SENIOR Tory ministers believe Boris Johnson should push Scotland into a second independence referendum while the pandemic still rages in order to secure a victory for No, according to reports.

The news comes after a new Panelbase poll revealed that 55% of Scots believe a “supermajority” of two-thirds (86 seats) in the Holyrood chamber would be enough for Yes-supporting parties to justify a second referendum.

When asked if a simple SNP majority (of 65 or more seats) would represent a mandate, Scotland is evenly split, with 50% of people saying it would and 50% saying it would not. This even split remains (44% vs 44%) when undecided voters are included.

The same Panelbase poll also found that 36% of Scots would back a unilateral declaration of independence (UDI) should pro-independence parties return a “supermajority”. A total of 46% were opposed to a UDI in this situation.

READ MORE: I understand impatience, but indyref2 is too important to be hurried

Reported in The Sunday Times, the poll suggests that 54% of Scots believe indyref2 should come in the next 5 years.

That view is apparently shared by senior Tories in Downing Street, with one telling that paper the best time for a vote would be during the “chaos” brought on by the pandemic.

They reportedly believe that the economic turmoil and job losses surrounding Covid-19 would emphasise any difficulties that may be involved in the independence process.

One senior minister said: “I don’t see how we keep saying no forever. The time to do it would be in the middle of economic chaos, not when it’s all looking rosy.”

Discussions are also reportedly ongoing at Whitehall around a potential change to the Scotland Act in order to make it “totally unambiguous” that Holyrood does not have the power to legislate for a referendum.

Top Tories are concerned that Nicola Sturgeon’s SNP may force a Supreme Court battle between the two governments on the issue.

The National:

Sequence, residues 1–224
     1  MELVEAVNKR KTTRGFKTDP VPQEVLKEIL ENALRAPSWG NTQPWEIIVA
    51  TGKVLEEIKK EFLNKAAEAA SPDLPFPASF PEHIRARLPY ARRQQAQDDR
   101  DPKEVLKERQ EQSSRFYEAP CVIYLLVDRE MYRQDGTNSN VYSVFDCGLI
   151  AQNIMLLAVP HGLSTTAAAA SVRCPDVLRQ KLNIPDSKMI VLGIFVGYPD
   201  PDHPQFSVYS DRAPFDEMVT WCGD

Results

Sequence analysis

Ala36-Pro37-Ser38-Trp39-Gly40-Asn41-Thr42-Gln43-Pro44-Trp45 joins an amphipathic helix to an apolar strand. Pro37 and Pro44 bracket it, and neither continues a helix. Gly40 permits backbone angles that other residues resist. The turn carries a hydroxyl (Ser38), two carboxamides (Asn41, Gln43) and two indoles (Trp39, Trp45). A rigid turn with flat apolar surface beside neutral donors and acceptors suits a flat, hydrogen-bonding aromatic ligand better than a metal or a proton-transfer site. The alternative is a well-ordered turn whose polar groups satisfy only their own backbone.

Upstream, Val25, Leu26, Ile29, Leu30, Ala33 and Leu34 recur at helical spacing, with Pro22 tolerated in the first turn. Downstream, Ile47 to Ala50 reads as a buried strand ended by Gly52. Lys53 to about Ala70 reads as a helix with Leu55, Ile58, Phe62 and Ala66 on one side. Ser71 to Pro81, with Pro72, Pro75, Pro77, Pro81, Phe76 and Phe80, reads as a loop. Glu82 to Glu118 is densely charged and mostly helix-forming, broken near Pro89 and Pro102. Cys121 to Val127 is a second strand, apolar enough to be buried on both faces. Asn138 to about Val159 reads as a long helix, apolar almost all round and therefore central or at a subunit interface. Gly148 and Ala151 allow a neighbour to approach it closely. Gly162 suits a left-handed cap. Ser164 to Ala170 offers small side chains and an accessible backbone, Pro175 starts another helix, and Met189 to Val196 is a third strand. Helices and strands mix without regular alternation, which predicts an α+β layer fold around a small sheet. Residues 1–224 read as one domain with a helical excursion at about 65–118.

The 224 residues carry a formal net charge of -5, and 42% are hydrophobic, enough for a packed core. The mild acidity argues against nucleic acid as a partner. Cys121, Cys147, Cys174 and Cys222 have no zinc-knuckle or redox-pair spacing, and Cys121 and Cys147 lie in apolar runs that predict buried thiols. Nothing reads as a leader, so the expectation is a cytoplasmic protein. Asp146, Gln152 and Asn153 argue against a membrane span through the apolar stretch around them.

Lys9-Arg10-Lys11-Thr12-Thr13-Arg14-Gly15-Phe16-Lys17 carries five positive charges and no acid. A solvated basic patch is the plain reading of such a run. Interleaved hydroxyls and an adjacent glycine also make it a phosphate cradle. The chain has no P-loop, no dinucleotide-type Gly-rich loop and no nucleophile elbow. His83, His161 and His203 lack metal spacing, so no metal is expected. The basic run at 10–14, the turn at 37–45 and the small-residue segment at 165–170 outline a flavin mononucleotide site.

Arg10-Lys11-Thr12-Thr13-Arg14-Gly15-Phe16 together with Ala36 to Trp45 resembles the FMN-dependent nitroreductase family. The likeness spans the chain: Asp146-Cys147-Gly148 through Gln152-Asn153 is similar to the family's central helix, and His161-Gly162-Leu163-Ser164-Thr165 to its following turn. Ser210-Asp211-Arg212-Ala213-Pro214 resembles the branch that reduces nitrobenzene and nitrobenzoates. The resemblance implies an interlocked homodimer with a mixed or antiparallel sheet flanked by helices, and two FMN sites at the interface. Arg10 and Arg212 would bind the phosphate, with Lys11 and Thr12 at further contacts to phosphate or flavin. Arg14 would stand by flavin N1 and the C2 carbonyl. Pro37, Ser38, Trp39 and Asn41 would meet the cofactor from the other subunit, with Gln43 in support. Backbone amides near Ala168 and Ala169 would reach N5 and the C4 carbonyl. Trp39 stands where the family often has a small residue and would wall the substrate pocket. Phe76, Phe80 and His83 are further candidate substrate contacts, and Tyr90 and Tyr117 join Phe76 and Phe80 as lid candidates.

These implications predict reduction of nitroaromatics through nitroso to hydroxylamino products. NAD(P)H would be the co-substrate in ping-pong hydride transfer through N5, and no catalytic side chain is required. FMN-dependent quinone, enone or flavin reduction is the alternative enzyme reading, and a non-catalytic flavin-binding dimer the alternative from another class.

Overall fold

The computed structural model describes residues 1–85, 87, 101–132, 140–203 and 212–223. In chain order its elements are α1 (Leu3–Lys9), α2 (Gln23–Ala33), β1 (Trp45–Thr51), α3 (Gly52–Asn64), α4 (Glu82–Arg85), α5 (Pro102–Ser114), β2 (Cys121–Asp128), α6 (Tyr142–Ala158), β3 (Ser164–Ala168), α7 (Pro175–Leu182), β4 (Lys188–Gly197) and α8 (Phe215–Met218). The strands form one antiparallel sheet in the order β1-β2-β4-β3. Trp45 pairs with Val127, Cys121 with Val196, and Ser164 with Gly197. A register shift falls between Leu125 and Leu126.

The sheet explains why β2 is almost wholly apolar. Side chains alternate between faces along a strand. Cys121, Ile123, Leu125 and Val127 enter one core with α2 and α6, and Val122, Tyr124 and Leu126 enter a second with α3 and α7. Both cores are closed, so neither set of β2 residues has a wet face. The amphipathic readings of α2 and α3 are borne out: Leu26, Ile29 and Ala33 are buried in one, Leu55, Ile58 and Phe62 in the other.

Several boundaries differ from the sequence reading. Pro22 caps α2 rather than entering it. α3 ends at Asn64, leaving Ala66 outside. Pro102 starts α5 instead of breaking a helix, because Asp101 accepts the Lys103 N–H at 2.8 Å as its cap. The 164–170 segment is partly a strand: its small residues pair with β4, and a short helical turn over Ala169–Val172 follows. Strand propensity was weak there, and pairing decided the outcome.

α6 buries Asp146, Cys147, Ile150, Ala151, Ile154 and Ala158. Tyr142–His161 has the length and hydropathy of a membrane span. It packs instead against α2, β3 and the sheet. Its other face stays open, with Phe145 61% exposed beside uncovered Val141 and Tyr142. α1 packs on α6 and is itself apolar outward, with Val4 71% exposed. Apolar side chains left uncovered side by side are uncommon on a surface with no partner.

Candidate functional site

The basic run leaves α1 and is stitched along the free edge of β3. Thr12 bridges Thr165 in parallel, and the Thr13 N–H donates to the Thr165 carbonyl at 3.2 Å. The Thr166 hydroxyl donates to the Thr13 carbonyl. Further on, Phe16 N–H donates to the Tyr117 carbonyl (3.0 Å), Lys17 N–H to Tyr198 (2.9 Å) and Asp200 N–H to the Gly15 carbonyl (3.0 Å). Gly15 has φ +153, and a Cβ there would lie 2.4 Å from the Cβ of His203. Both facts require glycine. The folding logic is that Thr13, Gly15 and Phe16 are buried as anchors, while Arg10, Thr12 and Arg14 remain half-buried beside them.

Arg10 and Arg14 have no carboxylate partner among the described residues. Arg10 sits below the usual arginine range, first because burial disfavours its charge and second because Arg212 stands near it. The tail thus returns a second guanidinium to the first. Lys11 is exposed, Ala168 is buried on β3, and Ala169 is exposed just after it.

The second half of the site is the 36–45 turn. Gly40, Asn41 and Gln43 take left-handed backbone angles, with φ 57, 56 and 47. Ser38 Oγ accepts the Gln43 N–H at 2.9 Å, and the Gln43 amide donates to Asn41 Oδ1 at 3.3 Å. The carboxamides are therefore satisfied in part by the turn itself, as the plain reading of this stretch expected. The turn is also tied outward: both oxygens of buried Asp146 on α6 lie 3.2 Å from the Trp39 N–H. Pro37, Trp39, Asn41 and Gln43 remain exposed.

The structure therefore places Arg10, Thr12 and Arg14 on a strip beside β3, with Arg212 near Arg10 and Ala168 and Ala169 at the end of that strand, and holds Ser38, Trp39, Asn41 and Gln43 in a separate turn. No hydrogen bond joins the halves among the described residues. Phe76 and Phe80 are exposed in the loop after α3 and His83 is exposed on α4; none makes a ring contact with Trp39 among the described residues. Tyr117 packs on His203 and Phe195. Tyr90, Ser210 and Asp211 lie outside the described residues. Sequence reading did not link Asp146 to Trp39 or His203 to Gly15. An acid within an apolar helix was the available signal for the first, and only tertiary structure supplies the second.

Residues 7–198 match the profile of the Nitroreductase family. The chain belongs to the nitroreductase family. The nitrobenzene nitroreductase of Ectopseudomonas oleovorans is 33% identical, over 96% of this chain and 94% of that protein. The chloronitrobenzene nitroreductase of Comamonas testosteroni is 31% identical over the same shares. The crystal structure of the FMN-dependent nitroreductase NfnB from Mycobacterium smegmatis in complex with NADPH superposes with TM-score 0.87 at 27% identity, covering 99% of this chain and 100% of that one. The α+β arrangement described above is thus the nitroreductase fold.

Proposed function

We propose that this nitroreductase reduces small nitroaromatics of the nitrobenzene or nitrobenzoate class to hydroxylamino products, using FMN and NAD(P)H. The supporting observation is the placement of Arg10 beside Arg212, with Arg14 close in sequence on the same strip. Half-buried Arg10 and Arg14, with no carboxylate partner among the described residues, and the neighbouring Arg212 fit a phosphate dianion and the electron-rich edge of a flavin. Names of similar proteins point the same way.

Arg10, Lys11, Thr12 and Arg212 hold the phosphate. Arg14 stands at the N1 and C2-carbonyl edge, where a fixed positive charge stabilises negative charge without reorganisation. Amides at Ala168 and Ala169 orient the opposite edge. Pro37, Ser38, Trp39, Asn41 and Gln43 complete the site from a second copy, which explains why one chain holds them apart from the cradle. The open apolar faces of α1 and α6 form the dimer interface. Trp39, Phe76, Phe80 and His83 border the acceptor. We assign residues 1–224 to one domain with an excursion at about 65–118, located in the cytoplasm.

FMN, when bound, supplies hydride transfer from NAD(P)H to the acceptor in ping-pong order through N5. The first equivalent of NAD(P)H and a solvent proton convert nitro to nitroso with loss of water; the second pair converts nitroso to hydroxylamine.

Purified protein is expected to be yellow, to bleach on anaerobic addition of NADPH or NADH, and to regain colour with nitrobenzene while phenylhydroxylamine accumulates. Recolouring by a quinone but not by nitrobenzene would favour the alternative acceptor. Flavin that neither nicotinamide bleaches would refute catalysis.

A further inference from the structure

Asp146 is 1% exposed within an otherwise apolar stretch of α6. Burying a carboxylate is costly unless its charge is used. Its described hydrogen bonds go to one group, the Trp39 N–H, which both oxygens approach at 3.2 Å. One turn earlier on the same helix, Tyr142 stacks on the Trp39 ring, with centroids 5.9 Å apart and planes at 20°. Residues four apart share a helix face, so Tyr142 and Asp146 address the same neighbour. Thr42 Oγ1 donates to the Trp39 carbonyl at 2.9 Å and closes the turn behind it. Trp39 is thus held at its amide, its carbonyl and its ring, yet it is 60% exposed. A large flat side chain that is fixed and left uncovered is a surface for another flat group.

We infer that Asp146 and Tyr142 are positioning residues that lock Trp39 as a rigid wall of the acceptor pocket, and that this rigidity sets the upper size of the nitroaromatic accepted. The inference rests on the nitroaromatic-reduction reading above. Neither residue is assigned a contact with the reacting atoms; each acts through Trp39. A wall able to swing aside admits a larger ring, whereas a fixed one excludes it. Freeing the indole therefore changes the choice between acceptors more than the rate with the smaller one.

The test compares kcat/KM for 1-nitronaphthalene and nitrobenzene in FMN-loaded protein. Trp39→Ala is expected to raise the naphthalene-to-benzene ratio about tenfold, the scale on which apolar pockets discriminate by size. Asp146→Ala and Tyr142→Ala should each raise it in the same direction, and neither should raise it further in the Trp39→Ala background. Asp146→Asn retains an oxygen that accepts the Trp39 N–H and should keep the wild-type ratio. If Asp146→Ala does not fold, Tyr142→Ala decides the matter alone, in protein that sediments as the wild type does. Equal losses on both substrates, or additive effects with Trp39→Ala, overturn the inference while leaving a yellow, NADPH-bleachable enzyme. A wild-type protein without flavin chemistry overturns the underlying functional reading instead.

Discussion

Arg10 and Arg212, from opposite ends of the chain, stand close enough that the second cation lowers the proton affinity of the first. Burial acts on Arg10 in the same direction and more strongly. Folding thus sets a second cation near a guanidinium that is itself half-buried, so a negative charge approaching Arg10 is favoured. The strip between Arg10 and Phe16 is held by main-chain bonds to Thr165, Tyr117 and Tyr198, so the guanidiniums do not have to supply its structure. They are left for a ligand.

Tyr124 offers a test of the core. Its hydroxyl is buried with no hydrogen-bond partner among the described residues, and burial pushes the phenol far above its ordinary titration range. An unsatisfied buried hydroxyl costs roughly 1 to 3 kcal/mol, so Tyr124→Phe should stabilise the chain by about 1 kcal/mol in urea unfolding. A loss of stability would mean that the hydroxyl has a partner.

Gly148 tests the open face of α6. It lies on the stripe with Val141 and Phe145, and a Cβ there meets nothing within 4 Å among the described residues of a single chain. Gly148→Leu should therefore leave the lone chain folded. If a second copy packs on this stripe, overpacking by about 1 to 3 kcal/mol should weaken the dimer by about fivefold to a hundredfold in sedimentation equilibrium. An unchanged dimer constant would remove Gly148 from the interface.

The Sunday Times reports an “influential Conservative” as saying: “No 10 thinks they would win a Supreme Court case, but one idea being looked at is whether to amend the Scotland Act to make it totally unambiguous.”

However, another senior Tory told the paper: “Boris has said a lot about honouring democratic votes after the EU referendum. If people vote for a referendum in Scotland, ultimately they’ll have to have one.”

There are also reported calls to try and use the EU as leverage, with one senior Tory saying ministers should “be saying to the EU: ‘Either you make clear that you won’t be welcoming Scotland, or we will go around telling every small country in the EU that they should leave.’”

READ MORE: Peter Geoghegan: Union’s discontents catch fire in volatile Northern Ireland

An SNP source said that the “game is up” and it is clear that, should Scotland vote for a referendum, there will have to be one.

The source said: “Boris Johnson knows there is going to be an independence referendum after the pandemic if the people of Scotland vote for one. But a simple majority is all that is ever needed for a democratic mandate to exist, and that applies to Scotland just as it does in the rest of the democratic world, rather than being held to some absurd special standard.

“Similarly, any Tory plan to try and amend the Scotland Act after people have voted for a referendum would be not so much a case of moving the goalposts as digging up the whole football pitch — and would trample all over not just the 1997 devolution referendum but also the Smith Commission, signed up to by all Unionist parties.

“It reeks of panic and exposes a Tory Westminster establishment which now knows for sure that, if people vote for a referendum, the game is up and there will have to be one.”